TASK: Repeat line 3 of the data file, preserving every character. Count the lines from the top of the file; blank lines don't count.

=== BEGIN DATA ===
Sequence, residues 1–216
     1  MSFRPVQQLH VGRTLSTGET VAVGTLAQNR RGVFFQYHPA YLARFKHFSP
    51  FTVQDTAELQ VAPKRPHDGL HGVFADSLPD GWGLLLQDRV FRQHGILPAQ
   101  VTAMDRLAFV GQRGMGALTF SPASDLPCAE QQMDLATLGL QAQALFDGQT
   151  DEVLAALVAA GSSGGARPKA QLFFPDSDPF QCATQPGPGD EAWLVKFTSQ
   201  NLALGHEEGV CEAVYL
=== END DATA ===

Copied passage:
    51  FTVQDTAELQ VAPKRPHDGL HGVFADSLPD GWGLLLQDRV FRQHGILPAQ